On the “out” parameter specifier in Delphi

I’ve posted before what the “out” parameter specifier is actually doing in a Delphi code. Now let us consider when the “out” keyword should be used instead of “var”.

There is only one case when the “out” keyword should be used. It is closely related to COM technology support, but it is not really limited to COM. The case is importing a function with a parameter of interface type which violates Delphi contract on reference counting. To illustrate the point consider the following DLL:

library DemoDll;

uses
  SysUtils;

type
  PMyUnknown = ^TMyUnknown;
  TMyUnknown = record
    FVTable: PPointer;
    FRefCount: Integer;
    class function QueryIntf(Inst: Pointer; const IID: TGUID;
                             out Obj): HRESULT; stdcall; static;
    class function AddRef(Inst: PMyUnknown): Integer; stdcall; static;
    class function Release(Inst: PMyUnknown): Integer; stdcall; static;
  end;

const
  VTable: array[0..2] of Pointer = (
    @TMyUnknown.QueryIntf,
    @TMyUnknown.Addref,
    @TMyUnknown.Release);

function ReleaseInstance(Inst: Pointer): Integer;
type
  TVTable = array[0..2] of Pointer;
  PVTable = ^TVTable;
  PPVTable = ^PVTable;

  TRelease = function(Inst: Pointer): Integer; stdcall;

begin
  Result:= TRelease(PPVTable(Inst)^^[2])(Inst);
end;

class function TMyUnknown.QueryIntf(Inst: Pointer; const IID: TGUID;
  out Obj): HRESULT;
begin
  Result:= E_NOINTERFACE;
end;

class function TMyUnknown.Addref(Inst: PMyUnknown): Integer;
begin
  Inc(Inst.FRefCount);
  Result:= Inst.FRefCount;
end;

class function TMyUnknown.Release(Inst: PMyUnknown): Integer;
begin
  Dec(Inst.FRefCount);
  Result:= Inst.FRefCount;
  if Result = 0 then
    FreeMem(Inst);
end;

procedure GetIUnknown1(var Inst: PMyUnknown);
var
  P: PMyUnknown;

begin
  New(P);
  P^.FVTable:= @VTable;
  P^.FRefCount:= 1;
  if Inst <> nil then ReleaseInstance(Inst);
  Inst:= P;
end;

procedure GetIUnknown2(var Inst: PMyUnknown);
begin
  New(Inst);
  Inst^.FVTable:= @VTable;
  Inst^.FRefCount:= 1;
end;

exports
  GetIUnknown1,
  GetIUnknown2;

{$R *.res}

begin
  ReportMemoryLeaksOnShutdown:= True;
end.

The DLL exports 2 procedures which create instances implementing IUnknown. The first procedure (GetIUnknown1) follows Delphi rules on reference counting, the second (GetIUnknown2) does not. To use the procedures in an executable we need an import unit:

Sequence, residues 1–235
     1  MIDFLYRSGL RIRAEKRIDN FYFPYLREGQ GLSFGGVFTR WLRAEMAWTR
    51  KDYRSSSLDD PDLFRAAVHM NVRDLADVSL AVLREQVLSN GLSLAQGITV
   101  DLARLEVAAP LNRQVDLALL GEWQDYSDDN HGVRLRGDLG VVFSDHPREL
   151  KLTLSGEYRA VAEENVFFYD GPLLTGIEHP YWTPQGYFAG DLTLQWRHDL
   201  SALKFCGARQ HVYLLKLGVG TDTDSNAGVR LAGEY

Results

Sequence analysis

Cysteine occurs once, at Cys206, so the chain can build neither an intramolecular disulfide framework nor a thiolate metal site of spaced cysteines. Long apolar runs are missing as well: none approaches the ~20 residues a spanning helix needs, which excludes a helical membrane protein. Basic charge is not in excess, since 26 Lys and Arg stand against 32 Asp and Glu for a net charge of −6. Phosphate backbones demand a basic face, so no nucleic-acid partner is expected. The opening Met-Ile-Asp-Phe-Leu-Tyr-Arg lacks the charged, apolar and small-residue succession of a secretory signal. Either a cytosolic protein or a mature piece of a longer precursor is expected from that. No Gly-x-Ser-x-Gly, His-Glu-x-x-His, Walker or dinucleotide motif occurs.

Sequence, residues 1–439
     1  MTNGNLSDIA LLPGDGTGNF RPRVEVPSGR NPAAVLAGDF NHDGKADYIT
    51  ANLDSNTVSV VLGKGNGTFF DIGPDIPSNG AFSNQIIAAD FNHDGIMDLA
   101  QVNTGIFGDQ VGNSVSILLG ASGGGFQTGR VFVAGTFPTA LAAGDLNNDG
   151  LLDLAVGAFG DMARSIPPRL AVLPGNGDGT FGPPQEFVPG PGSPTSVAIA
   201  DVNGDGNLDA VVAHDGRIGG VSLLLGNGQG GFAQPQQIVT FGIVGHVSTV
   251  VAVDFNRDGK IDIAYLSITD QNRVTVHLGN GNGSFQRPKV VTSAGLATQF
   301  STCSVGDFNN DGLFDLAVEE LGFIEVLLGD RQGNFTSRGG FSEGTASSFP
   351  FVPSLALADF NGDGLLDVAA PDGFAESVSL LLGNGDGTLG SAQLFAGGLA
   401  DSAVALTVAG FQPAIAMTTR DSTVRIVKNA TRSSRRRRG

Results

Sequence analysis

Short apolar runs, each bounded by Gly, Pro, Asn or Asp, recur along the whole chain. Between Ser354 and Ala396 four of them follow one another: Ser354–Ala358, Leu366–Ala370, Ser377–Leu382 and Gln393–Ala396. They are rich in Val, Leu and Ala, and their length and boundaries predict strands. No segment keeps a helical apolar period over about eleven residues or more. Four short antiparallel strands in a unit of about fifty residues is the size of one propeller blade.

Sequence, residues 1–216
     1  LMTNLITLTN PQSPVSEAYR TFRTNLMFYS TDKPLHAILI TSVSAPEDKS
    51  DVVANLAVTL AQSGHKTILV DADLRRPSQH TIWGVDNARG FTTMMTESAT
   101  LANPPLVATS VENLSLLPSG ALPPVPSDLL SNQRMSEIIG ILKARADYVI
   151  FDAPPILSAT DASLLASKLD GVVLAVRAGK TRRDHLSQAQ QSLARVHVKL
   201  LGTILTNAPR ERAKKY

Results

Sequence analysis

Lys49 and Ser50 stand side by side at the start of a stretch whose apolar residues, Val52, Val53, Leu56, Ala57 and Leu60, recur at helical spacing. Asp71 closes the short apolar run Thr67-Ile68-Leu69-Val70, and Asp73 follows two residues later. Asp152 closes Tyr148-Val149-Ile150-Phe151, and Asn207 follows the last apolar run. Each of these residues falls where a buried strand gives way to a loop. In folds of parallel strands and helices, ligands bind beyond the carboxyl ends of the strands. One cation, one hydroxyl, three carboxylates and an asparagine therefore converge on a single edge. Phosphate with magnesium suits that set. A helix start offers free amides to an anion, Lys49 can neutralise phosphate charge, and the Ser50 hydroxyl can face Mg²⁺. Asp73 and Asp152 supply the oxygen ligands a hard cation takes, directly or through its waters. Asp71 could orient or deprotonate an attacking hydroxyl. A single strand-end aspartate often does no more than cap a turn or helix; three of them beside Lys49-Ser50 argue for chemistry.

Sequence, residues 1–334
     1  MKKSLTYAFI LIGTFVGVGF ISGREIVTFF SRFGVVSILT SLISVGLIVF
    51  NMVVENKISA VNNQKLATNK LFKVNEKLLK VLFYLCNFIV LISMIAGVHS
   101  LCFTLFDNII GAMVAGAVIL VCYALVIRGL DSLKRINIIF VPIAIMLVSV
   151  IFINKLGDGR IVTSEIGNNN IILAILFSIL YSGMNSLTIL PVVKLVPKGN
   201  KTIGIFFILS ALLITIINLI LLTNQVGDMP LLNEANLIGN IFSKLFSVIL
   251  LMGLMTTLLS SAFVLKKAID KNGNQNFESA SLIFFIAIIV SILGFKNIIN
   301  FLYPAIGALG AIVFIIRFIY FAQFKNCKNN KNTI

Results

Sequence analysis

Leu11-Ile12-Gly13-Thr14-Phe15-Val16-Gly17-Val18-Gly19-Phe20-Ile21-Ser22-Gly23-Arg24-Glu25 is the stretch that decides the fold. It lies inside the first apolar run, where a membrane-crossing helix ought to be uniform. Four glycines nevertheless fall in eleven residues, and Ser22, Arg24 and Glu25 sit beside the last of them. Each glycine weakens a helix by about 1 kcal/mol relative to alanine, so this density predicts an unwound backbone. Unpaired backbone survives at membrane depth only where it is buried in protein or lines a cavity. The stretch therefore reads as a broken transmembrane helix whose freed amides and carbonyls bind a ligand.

unit DemoImport;

interface

procedure GetIUnknown1(var I: IUnknown);
//procedure GetIUnknown2(var I: IUnknown); // memory leak
procedure GetIUnknown2(out I: IUnknown);
//                     ^^^!
implementation

procedure GetIUnknown1(var I: IUnknown); external 'DemoDLL' name 'GetIUnknown1';
//procedure GetIUnknown2(var I: IUnknown); external 'DemoDLL' name 'GetIUnknown2';
procedure GetIUnknown2(out I: IUnknown); external 'DemoDLL' name 'GetIUnknown2';

end.

Note that the second procedure is imported with out parameter specifier; the result of replacing “out” by “var” is a memory leak which can be shown by the test application:

program DemoEXE;

{$APPTYPE CONSOLE}

uses
  SysUtils,
  DemoImport in 'DemoImport.pas';

procedure Test;
var
  I: IUnknown;

begin
  GetIUnknown1(I);
  GetIUnknown2(I);
end;

begin
  Test;
  Readln;
end.
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8 thoughts on “On the “out” parameter specifier in Delphi

  1. “There is only one case when the “out” keyword should be used.”

    I disagree – I use out all the time when the value going in is irrelevant and only the value coming back. If you use var for such cases you cannot tell from looking at the signature if the in value is important or not.

    • Read it the other way: if an interface parameter is declared with ‘out’ specifier, then no need to follow Delphi rules on reference counting in the procedure; though AFAIR the compiler follows them anyway.

  2. Agree with Stefan

    I use out parameters in functions like TryStrToInt: You return a True indicating that you could convert the string, and the value in a out param. Is that or replace with a ugly try-except block

  3. The problem with Delphi’s out is that most of the time it is indistinguishable from var. Apart from the times when it’s different. As shown here.

    So when we use out to indicate that the value on entry should not be used, the compiler doesn’t enforce it. In effect it is a comment masquerading as language syntax.

  4. VAR parameter must be initialized before call or you get a compiler warning. OUT does not need to be initialized.
    Other case is webservice client generation where multiple OUT parameter needed.
    Also it has affet on interface reference count (function result and OUT parameter handles refCount differently)
    It’s very good for find/search and conversion methos where the result is boolean, and the OUT parameter contains the valid data ICO true result.

  5. “out” ensures that any variable of a “managed” type (string, dyn-array, interface, variant, etc…) or even a record containing a managed type is *finalize* before the call. You kind of “hinted” at why it is needed, but not what the actual rules are. Yes, “out” is like a “var” when the type is unmanaged, but that is not the point. Look at the declaration for QueryInterface on IInterface. Notice that the “out” parameter is untyped. This is intentional, because that allows any interface variable to be passed in *and* ensure it is properly finalized prior to the call.

    So the rule is simple. Aside from being more clear when reading the code, it also has a very clear semantic meaning where any variable that is managed will always be finalized prior to the call.

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